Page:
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Following his doctor's instructions, engaging simpleton Charlie Gordon tells his own story in semi-literate "progris riports." He dimly wants to better himself, but with an IQ of 68 can't even beat the laboratory mouse Algernon at maze-solving:
I dint feel bad because I watched Algernon and I lernd how to finish the amaze even if it takes me along time.
I dint know mice were so smart.
Algernon is extra-clever thanks to an experimental brain operation so far tried only on animals. Charlie eagerly volunteers as the first human subject. After frustrating delays and agonies of concentration, the effects begin to show and the reports steadily improve: "Punctuation, is? fun!" But getting smarter brings cruel shocks, as Charlie realizes that his merry "friends" at the bakery where he sweeps the floor have all along been laughing at him, never with him. The IQ rise continues, taking him steadily past the human average to genius level and beyond, until he's as intellectually alone as the old, foolish Charlie ever was--and now painfully aware of it. Then, ominously, the smart mouse Algernon begins to deteriorate...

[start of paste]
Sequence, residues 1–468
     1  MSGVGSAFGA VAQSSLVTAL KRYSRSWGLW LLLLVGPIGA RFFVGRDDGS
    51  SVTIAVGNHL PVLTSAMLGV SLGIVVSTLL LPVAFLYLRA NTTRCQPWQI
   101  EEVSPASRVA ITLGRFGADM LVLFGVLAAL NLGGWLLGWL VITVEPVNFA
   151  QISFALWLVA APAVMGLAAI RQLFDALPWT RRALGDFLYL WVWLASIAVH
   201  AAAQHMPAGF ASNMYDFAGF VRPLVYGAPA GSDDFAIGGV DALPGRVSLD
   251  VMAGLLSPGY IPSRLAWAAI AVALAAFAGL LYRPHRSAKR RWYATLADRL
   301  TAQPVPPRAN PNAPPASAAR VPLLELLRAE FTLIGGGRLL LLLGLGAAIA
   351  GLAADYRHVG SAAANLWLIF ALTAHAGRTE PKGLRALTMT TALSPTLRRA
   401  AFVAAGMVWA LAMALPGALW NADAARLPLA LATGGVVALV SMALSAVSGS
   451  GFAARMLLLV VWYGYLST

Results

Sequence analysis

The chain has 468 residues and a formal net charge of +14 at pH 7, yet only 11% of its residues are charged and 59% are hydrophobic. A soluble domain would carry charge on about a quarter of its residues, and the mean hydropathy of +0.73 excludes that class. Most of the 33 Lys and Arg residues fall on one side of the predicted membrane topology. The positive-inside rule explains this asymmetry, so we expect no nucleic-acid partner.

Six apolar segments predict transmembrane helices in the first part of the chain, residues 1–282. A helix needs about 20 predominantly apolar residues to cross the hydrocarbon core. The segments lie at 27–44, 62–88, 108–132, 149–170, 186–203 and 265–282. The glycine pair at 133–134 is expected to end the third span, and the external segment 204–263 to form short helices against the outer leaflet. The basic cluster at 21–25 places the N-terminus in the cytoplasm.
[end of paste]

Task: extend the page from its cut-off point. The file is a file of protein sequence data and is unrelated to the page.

Flowers for Algernon is a timeless tear-jerker with a terrific emotional impact. --David Langford --This text refers to an out of print or unavailable edition of this title.
We all have been a variation of the protagonist. But he remembers what is important in the end. Great book and quick readPublished 1 day ago by Matthew J Baldasari
The short story was wonderful. The book completely ruins it with an incompetent exploration the narrator's sexual hangups.Published 1 day ago by all is mystery
This is definitely a book worth reading. It will make you think hard about the value of intelligence.Published 1 day ago by Jocelyn Gibson
Disturbing yet provocative. I enjoyed it though it became a bit tedious towards the end. It does make you think about what it must be lik.ePublished 2 days ago by William L. Blanton
This book is one of the best books I've read all year. I do not read a ton of fiction, and took me a little while to get into, but I loved every second of it. Read morePublished 2 days ago by Patricia Walsh
I first read this book when I was a teen which was 40 years ago. I have read it a few times throughout the years and it has withstood the hand of time. Read morePublished 3 days ago by shigui
Ug! I should have paid attention that this was written in the late 50s/early 60s by a man who could only come up with 1 dimensional characteristics for women: Crone/crazy wife,... Read morePublished 7 days ago by Kelly